Disability is not inability – Mr. Education

Edward Kamara, known by his nickname “Mr.Education” is a familiar face to anyone that has visited Masanga. Known for his infectious laugh and uncompromising work ethic, he is usually found [...]

Edward Kamara, known by his nickname “Mr.Education” is a familiar face to anyone that has visited Masanga. Known for his infectious laugh and uncompromising work ethic, he is usually found carrying around huge bananathrees or clearing weeds with his machete. He seldom takes brakes during his busy days, but is always happy to greet a familiar face.

Masanga Hospital was founded as a leprosy Hospital in 1964. It was a joint venture between the 7th day Adventist Church(SDA) and the Government of Sierra Leone. Leprosy  is a long-term infection by the bacteria “Mycobacterium lepra” or “Mycobacterium lepromatosis”. Its belived to have affected humanity for more than 2000 years and in the 1960s there were tens of millions of leprosy cases around the world.  The missionaries in Masanga would travel the country screening for patients and bringing them back for treatment. In a primary school near Port Loco they came across a young Edward Kamara. He was brought to Masanga were he received treatment for two years before he was discharged. Edward was able to continue his primary and secondary education. Recognizing his keen-mind some of the missionaries decided to support him with tuition. At high-school in Yele he earned the nickname that has since then stuck with him. Edward would constantly correct his fellow students for speaking their tribaltongue or krio in the dormitories, at a time they where supposed to speak english. His conformity lead to the humorous nickname “Mr.Education” and it was used to a point where the teachers believed it to be his real name. Since nobody at the time would correct the teachers, Edward had to accept that the label was there to stay.

A person with leprosy may remain asymptomatic for a number of years. The infected commonly develop pale or pinkish patches of skin that may be insensitive to temperature or pain. The reduced sensibility can lead to a loss of part of extremities due to repeated injuries or secondary infections. Untreated it will leave progressive and permanent damage to skin, nerves, limbs and eyes. His obvious handicaps has never stopped Edward from working, supporting his family of seven or living a full life. After finishing his education he returned to Masanga and he has worked in or around the Hospital in some capacity ever since. In his younger years he was employed in the kitchen and as a translator for the missionaries. Lately he served as janitor at the CapaCare house before program coordinators Daniel and Martelien hired him to take care of their house and surrounding garden. When the couple vacated their post in fall of 2018 they were almost self sufficient thanks to Edwards efforts. Wouter Nolet, their new replacement would inherent a garden burgeoning with avocados, bananas, casava and other plants. Edward has developed an impressive set of skills to cope with everyday challenges, while staying wary of wounds and infections. Despite his age “Mr.Education” shows now sign of slowing down and his cheerful manner and can-do-attitude is truly inspirational. If you are ever in Masanga make sure to say hello and he will passionately show you his latest agricultural project.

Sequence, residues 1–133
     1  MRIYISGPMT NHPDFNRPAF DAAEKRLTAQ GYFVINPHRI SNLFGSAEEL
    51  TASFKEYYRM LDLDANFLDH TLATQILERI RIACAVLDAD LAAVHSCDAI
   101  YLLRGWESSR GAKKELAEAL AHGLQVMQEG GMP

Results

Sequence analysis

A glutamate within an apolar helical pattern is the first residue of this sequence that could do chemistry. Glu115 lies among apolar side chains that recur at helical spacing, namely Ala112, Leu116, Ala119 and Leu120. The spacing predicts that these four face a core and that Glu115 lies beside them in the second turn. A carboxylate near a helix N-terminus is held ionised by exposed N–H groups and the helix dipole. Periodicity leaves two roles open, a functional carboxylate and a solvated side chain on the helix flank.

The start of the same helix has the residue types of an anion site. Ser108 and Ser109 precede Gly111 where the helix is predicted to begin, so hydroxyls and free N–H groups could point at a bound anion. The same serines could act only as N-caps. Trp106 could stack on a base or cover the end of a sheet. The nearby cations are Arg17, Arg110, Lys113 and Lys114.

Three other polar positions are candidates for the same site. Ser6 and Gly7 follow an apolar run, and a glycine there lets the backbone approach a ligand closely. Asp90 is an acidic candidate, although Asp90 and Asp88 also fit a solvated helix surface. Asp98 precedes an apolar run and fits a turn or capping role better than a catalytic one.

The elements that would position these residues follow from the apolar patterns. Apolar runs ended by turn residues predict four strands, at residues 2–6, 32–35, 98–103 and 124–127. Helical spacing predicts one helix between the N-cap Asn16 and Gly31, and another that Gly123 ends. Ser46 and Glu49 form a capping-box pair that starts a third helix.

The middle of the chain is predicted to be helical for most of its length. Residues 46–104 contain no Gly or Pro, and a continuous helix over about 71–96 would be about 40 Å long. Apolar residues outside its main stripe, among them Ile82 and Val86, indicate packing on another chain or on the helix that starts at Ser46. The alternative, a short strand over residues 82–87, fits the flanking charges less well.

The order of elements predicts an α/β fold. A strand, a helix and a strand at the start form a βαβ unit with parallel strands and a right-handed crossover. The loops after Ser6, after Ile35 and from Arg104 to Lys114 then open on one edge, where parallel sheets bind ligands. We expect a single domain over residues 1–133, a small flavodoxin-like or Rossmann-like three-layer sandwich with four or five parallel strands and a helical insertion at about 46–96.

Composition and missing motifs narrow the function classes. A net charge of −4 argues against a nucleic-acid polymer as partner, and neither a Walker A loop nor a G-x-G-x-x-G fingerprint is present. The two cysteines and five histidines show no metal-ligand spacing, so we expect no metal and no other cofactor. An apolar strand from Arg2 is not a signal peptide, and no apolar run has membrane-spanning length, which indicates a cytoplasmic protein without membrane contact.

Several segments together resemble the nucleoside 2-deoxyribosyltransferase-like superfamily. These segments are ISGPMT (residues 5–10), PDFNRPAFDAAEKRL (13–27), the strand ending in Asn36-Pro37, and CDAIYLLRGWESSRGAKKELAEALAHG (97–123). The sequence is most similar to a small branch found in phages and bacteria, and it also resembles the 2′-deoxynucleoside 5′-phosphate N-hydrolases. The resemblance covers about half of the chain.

There is still a small community of leprosy patients in Masanga today. Leprosy is fully treatable and it represented only a small percentage of the hospitals outpatient visits. Leprosy is currently classified by the WHO as one of the Neglected Tropical Diseases(NTDs).